Ashes in the Snow
This morning we awoke to another day of likely being homebound. It began with ice early in the week and now I'm watching snow fall and listening to the wind-chimes chime rapidly. We've been off the roads a lot this week. Our part of the country (Middle Tennessee) simply doesn't experience this type of weather enough to have the tools to travel safely. Our church, which is across the street, has canceled Ash Wednesday services for tonight. And, while I completely agree that even attempting the steep drive into our church building could be treacherous, I am a bit (okay, a lot) saddened to miss the imposition of ashes. I didn't even realize this tradition was so important to me until today. I did not grow up in a church where we received ashes on our foreheads (sounds odd, right?) to mark the beginning of the Lenten season. And yet, as we journey toward Easter, I'm longing for that very mark today.
As I woke this morning to the snowfall, I had an overwhelming longing for our family to share in the observance of Ash Wednesday together in our home (I realize the excitement may not be shared by my housemates, but they have agreed to journey along with open hearts and minds). As I rushed to my computer and grabbed my Book of Worship, my husband asked what I was doing so early on this Wednesday. Typically, I would be heading out to teach a weekly yoga class but it was canceled due to the weather. And, I likely should be washing laundry or doing chores that I have no valid reason for ignoring today (that will come later, there's time!). But first, God called me to sit at God's feet and ask why I am clinging to a tradition of dust and ashes. So here I sit, longing for ashes in the snow.
Why is Ash Wednesday important to Christians today? A friend and I were chatting yesterday about Google as a spiritual tool (I'm so thankful technology has connected me to a world much bigger than my own as I've grown in my spiritual journey). When I asked myself that question about Ash Wednesday, Google led me to this post at Patheos. I'm reminded Ash Wednesday is important not simply due to tradition but because this is a time that we are drawn to focus on not simply life in Christ, but also death in Christ. And while death may be hard to talk about, it is vital to fully living as a follower of Christ. Whether or not you have a tradition of marking the start of the Lenten season, consider this day an opportunity to mark the start of the path with intention as we journey toward Easter and this new life.
Do you have to "give something up" for Lent? No, I don't think you have to "give something up" to experience this season fully. But, I do think that the only way to make space for something new is to let go of something old, to make space for the new work God is doing in you (like cleaning out a closet to make room for new finds). So, what could you let go of to make space for the new work God wants to do in you during this season? This is a great list to get you started on ideas (i.e. it doesn't have to be chocolate).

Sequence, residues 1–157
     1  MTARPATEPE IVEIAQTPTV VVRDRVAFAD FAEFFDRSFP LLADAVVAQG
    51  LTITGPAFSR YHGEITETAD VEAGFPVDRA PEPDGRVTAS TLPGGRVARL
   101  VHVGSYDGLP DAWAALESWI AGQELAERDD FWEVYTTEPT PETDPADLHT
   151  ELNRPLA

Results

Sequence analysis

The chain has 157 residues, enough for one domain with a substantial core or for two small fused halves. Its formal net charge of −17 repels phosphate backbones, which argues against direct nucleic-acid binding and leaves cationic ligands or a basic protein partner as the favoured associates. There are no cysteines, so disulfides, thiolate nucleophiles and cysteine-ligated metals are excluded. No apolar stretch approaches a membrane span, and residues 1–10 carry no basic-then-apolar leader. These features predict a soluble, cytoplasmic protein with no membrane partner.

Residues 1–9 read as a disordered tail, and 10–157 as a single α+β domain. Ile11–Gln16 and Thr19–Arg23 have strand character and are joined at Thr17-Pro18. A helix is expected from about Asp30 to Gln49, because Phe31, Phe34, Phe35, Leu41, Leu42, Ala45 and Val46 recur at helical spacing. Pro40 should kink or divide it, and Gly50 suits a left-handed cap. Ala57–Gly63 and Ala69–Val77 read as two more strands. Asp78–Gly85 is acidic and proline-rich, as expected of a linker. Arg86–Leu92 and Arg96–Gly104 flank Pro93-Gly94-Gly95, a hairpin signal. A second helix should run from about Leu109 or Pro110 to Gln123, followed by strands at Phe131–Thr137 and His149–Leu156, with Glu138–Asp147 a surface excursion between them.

So, how can I begin and mark this Easter journey with my family? Create a sacred space in your home by finding a candle, cross, Bible, or other small object that may remind you of Christ's love for you. This post has some fantastic suggestions for creating sacred space during Lent. Turn on some music by clicking here for a Lenten playlist on Spotify from my friend, Eric Coomer. Then for your ashes, grab a candle and break off some burnt wick or you could burn a bit of newspaper (outdoors, please). I tried to prep some ashes for our family and was reminded that is the kind of thing you do outdoors! Use caution and go lightly here - no allergic reactions needed. Service ashes are typically made from palm branches. So, this isn't ideal! You could also simply make the sign of the cross with your finger or use an essential oil. This is not about legalism but symbolism. Gather your (willing and hopefully as excited as you are) loved ones or sit and reflect on your own. Read the scripture, mark the sign of the cross on your forehead, and give thanks for a season in which God is making you new amidst the dust and ashes (and even the snow).
Click here or below to download this family-friendly guide that includes scripture and prayer as you mark your own Ash Wednesday. God is making all things new in this season. Let's make space together as we journey toward Easter.
Whitney R. Simpson
yoga & meditation teacher
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Whitney R. Simpson
Exploring Peace Ministries, LLC